An interesting variant within the class of iterative algorithms is “plug-and-play ADMM”[14]. We recall that ADMM is an iterative optimization technique [13], which repeatedly alternates between: (i) a linear solver that reinforces consistency w.r.t. measurements; (ii) a nonlinear operation that re-injects the prior. Interestingly, the effect of (ii) is akin to denoising. This perspective has resulted in a scheme where an off-the-shelf denoiser is plugged into the later step [14, 15, 16, 17, 18]. This scheme, therefore, is more general than the optimization framework (1) but still lacks theoretical justifications. In fact, there is no good understanding yet of the connection between the use of a given denoiser and the regularization it imposes.

I-3 Learning-based Algorithms

Recently, there has been a surge in using deep learning to solve inverse problems in imaging [19, 20, 21, 22, 23], establishing new state-of-the-art results for tasks like sparse-view CT reconstruction [19]. These approaches use the convolutional neural network (CNN) as a regressor. But, rather than attempting to reconstruct the image from the measurements directly, the most successful strategies so far have been to train the CNN as a regressor between rogue initial reconstruction , where , and the final, desired reconstruction [19, 20]. This initial reconstruction could be obtained by FBP (), BP () or by any other linear operation.

Once the training is complete, the reconstruction for an unseen measurement is given by , where denotes the CNN as a function and denotes the internal parameters of the CNN after training.

These schemes exploit the fact that the structure of images can be learnt from representative examples. CNNs are favored because of the way they encode/represent the data in their hidden layers. In this sense, a CNN can be seen as a good prior encoder. Although the results reported so far are remarkable in terms of image quality, there is still some concern on whether or not they can be trusted, especially in the context of diagnostic imaging. The main limitation of direct algorithms such as [19] is that they do not provide any worst case performance guarantee. Moreover, even in the case of noiseless (or low noise) measurements, there is no insurance that the reconstructed image is consistent with the measurements. This is not overly surprising because, unlike the iterative schemes, there is no feedback mechanism that imposes this minimal requirement.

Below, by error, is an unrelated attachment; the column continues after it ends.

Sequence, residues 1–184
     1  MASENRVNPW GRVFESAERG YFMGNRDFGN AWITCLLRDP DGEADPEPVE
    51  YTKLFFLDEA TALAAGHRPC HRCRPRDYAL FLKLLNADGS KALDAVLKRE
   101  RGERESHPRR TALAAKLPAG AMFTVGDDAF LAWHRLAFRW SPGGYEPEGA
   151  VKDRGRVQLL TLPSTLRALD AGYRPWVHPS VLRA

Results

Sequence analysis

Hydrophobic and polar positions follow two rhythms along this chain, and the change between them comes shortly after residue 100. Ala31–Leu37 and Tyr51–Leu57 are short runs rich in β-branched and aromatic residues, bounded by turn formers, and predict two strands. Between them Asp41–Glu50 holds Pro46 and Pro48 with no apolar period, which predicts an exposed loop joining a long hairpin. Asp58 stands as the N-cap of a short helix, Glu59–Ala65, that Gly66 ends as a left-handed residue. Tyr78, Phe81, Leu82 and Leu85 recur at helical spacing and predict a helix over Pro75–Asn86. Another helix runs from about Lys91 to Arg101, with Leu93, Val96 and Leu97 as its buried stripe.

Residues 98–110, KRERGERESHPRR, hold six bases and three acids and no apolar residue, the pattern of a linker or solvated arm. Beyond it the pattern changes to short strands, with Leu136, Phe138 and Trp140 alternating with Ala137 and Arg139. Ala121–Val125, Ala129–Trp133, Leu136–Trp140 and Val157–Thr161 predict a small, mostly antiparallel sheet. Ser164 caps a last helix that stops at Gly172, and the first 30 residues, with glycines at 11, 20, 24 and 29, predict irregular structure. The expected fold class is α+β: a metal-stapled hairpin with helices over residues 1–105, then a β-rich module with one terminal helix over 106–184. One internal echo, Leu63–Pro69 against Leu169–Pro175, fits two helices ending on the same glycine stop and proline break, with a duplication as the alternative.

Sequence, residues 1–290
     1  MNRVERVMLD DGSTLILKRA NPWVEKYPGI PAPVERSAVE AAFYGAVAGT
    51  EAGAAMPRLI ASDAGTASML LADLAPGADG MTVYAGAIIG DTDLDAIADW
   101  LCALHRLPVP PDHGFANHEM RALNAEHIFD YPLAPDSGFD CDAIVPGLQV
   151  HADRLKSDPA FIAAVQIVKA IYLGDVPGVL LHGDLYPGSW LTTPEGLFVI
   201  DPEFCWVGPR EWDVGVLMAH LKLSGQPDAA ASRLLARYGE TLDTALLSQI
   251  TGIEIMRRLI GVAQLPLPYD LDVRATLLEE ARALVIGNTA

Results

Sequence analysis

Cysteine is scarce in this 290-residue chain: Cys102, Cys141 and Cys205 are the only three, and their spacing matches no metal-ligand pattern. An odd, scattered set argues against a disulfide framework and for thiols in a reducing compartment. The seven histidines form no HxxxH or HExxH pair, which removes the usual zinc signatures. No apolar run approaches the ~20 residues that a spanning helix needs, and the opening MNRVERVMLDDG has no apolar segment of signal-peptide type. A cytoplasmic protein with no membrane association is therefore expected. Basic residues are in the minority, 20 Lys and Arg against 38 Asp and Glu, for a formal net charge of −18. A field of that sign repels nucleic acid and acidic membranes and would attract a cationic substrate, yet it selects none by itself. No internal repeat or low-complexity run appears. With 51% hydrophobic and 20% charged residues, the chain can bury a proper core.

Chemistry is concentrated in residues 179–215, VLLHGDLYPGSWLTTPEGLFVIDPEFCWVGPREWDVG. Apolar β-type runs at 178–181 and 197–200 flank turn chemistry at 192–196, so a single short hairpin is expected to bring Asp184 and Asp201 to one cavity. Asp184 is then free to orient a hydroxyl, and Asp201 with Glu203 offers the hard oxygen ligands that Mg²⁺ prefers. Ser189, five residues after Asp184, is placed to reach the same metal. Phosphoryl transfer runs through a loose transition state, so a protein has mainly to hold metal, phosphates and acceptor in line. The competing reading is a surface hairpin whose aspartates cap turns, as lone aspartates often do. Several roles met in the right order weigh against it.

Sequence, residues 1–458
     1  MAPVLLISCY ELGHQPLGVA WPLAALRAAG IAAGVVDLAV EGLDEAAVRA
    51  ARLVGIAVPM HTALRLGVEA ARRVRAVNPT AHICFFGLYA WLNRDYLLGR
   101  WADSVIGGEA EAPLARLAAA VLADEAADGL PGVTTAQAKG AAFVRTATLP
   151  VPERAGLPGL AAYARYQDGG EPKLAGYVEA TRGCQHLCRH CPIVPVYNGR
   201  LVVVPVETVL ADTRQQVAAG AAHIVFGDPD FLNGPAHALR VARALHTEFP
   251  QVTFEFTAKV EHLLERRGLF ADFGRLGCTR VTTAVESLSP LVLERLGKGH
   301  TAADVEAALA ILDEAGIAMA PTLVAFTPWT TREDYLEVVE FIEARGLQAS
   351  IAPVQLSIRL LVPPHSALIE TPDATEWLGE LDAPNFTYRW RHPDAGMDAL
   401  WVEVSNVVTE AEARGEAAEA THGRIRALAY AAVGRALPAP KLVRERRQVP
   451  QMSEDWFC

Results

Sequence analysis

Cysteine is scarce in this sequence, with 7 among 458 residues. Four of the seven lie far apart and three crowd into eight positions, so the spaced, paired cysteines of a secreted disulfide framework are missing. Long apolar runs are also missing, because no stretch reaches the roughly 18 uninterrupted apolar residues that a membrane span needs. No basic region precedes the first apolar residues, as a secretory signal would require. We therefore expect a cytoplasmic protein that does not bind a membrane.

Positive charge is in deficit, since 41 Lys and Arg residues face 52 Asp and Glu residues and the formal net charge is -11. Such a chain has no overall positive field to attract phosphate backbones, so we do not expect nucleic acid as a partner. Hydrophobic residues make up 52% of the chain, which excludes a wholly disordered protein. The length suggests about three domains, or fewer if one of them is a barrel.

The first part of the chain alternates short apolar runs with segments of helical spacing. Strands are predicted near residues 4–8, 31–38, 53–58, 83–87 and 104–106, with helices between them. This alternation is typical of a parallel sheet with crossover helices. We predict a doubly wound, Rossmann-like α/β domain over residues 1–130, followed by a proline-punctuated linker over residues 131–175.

gradient

projector

(a) Projected gradient descent

gradient

projector

(b) Relaxed projected gradient descent
Fig. 3: (a) Block diagram of projected gradient descent using a CNN as the projector. The gradient step w.r.t. the data-fidelity term , promotes consistency with the measurements and the projector forces the solution to belong to the set of desired solutions. If the CNN is only an approximate projector, the scheme may diverge. (b) Block diagram of the proposed relaxed projected gradient descent. The s are updated in such a way that the algorithm always converges (see Algorithm 1 for more details).

I-a Contribution

We propose a simple yet effective iterative scheme which tries to incorporate the advantages of the existing algorithms and side-steps their disadvantages (see Figure 3). Moreover, it outperforms the existing algorithms to reconstruct biomedical images from their sparse-view CT measurements. Specifically,

  • We initialize our reconstruction using a classical algorithm.

  • We learn a CNN that acts as a projector onto a set which can be intuitively thought of as the manifold of the data (e.g., biomedical images). In this sense, our CNN encodes the prior knowledge of the data. Its purpose is to map an input image to an output image that enjoys a more structural fit to the training data than the input image.

  • Similarly to variational methods, we iteratively alternate between minimizing the data-fidelity term and projecting the result onto the set by applying a suitable variant of the projected gradient descent (PGD) which ensures convergence. This scheme in spirit is similar to plug-and-play ADMM but is simpler to analyze. In this way, instead of performing the reconstruction by a feedbackless pipeline, we perform it by iteratively enforcing measurement consistency and injecting prior knowledge.

I-B Roadmap for the Paper

The paper is organized as follows: In Section II, we discuss the formal framework that motivates our approach. We mathematically justify the use of a projector onto a set as an effective strategy to solve inverse problems. In Section III, we present an iterative algorithm inspired from PGD. It has been modified so as to converge in practical cases where the projection property is only approximate. This is crucial because, although we train the CNN as a projector using a training set, there is no guarantee that it will act like a projector for an unseen data. We discuss in Section IV a novel technique to train the CNN as a projector onto a set, especially when the training data is small (e.g., around 500 images in our case). This is followed by results and conclusion.